This season, only BC is ranked and, for that matter, only the Eagles are above .500 entering the tournament. That, though, doesn’t mean that fans on Monday night should expect to see bad hockey.
“Sometimes there are a bunch of nationally ranked teams, sometimes none of us are ranked,” said BU coach Jack Parker. “But because it’s the Beanpot, there’s always emotion. There’s always intensity. So I’m sure you’ll see some great hockey.
“We’re all so evenly matched. Hopefully it’s not like watching two golfers shoot 90. But I think we’re all a lot better than our records.”
â€¢ Sneddon might have been happy with his team’s victory on Sunday, but that didn’t keep him from showing disdain for a non-call as Colin Vock scored an empty-net goal to seal the 3-0 victory over UMass. Vock received a vicious two-handed slash from UMass’ Will Ortiz. Referee Kevin Keenan put up his arm for a penalty but it was negated by the goal. After the goal, Sneddon had a long conversation at the bench with Kennan, apparently pleading for a five-minute major and game disqualification.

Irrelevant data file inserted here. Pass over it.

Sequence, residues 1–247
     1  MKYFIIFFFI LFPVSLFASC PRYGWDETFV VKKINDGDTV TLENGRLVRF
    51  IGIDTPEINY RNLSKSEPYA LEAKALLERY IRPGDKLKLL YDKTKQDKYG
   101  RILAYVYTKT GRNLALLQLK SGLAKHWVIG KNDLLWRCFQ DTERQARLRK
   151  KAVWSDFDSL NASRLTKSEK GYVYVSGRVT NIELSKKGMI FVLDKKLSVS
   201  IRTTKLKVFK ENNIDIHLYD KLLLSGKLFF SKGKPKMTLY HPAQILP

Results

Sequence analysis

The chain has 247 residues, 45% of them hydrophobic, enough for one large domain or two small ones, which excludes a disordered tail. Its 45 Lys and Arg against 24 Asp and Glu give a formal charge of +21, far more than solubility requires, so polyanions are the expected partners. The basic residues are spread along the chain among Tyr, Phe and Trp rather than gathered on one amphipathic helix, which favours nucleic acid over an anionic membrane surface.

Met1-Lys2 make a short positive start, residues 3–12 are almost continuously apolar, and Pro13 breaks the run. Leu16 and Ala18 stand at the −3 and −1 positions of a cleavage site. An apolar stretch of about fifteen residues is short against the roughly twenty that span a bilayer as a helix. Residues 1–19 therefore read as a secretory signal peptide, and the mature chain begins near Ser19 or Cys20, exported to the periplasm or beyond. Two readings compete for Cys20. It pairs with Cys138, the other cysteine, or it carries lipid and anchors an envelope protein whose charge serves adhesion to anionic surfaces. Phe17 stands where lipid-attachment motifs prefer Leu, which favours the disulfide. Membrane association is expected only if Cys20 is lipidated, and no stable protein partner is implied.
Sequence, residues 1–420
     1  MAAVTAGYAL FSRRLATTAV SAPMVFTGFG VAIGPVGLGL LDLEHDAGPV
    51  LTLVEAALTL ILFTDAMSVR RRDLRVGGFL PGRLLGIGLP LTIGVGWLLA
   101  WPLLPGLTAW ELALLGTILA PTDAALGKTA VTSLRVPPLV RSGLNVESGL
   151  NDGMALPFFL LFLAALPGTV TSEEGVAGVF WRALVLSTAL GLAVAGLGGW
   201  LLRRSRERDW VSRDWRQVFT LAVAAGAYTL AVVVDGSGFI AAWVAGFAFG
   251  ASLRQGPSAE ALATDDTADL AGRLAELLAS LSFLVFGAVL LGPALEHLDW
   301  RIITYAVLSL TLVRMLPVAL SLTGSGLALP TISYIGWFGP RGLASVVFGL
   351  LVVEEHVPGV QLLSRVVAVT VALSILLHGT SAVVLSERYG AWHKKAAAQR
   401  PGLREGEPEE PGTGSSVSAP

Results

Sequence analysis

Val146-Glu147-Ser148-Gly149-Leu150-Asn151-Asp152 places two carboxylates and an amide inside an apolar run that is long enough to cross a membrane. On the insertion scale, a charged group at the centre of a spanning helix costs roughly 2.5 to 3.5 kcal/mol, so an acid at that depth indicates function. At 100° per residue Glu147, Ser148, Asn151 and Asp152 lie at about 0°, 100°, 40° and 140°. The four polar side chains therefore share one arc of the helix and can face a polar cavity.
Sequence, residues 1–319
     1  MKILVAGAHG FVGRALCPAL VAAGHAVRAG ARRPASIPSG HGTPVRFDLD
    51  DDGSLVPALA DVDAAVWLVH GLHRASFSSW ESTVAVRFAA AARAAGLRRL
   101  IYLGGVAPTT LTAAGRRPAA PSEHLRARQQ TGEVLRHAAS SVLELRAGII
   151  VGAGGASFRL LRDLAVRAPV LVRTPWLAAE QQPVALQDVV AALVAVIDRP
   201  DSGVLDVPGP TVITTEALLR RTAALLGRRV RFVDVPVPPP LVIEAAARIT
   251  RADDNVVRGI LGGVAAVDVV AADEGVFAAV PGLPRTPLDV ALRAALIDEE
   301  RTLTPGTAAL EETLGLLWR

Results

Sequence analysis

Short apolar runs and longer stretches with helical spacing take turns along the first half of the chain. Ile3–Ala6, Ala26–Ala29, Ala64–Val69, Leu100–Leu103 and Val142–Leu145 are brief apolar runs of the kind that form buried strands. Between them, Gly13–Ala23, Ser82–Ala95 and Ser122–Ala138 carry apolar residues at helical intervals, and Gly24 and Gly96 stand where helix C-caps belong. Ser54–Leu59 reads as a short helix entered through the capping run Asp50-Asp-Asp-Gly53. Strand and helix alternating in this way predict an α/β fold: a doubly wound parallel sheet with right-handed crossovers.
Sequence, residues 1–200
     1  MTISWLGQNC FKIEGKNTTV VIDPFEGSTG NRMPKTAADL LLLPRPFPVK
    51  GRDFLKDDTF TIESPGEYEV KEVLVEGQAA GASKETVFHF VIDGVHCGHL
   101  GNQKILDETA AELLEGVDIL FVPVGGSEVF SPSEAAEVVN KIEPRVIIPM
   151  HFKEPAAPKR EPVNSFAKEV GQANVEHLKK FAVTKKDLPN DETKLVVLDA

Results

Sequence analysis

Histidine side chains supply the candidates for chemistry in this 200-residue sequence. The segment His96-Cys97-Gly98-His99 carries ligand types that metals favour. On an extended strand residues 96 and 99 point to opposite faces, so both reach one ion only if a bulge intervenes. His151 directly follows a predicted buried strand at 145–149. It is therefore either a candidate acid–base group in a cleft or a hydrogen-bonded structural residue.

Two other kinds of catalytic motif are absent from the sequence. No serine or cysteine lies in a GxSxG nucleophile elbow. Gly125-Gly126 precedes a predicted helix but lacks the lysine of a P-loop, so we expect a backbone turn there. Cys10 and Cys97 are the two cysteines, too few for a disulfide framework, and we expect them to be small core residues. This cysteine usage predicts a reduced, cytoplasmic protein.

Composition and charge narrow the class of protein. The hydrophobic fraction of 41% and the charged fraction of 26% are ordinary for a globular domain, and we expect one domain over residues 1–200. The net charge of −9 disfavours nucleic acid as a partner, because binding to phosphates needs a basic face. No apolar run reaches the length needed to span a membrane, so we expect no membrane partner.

â€¢ Only four teams in USCHO.com’s top 20 earned two victories last weekend, and Hockey East produced two of those clubs. UNH and UMass-Lowell both earned two victories on the weekend and both were rewarded in the recent USCHO.com national poll. Each jumped three spots — UNH from 16th to 13th; Lowell from 19th to 16th.
â€¢ Merrimack kept alive its most improbable home and road records this past weekend, losing Friday night at Lowell, 5-4, before earning a 2-1 overtime win at home over Providence. The Warriors have not won this season on the road (0-11-0) and have just one loss in the friendly confines of home (8-1-0). The only home loss came to New Hampshire, which Merrimack will face in a home-and-home series this weekend beginning Friday night in North Andover.
And Finally, Not That It Has Anything to Do With Anything, But …
Maybe I’m opening my mouth too early, but I don’t feel like this year’s Super Bowl brings with it a lot of hype. Maybe it’s because it’s the league’s two best teams. Maybe it’s because outside of New Orleans and Indianapolis, not a lot of fans care about the game.